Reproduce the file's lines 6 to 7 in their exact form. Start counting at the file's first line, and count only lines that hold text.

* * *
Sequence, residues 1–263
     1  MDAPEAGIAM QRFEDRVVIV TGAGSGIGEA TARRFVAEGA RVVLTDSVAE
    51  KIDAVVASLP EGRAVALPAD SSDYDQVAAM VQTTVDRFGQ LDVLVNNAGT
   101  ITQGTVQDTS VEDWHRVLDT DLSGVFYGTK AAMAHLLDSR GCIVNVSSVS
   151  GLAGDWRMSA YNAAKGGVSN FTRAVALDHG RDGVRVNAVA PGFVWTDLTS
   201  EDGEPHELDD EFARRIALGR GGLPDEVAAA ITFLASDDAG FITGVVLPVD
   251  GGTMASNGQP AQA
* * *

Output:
   201  EDGEPHELDD EFARRIALGR GGLPDEVAAA ITFLASDDAG FITGVVLPVD
   251  GGTMASNGQP AQA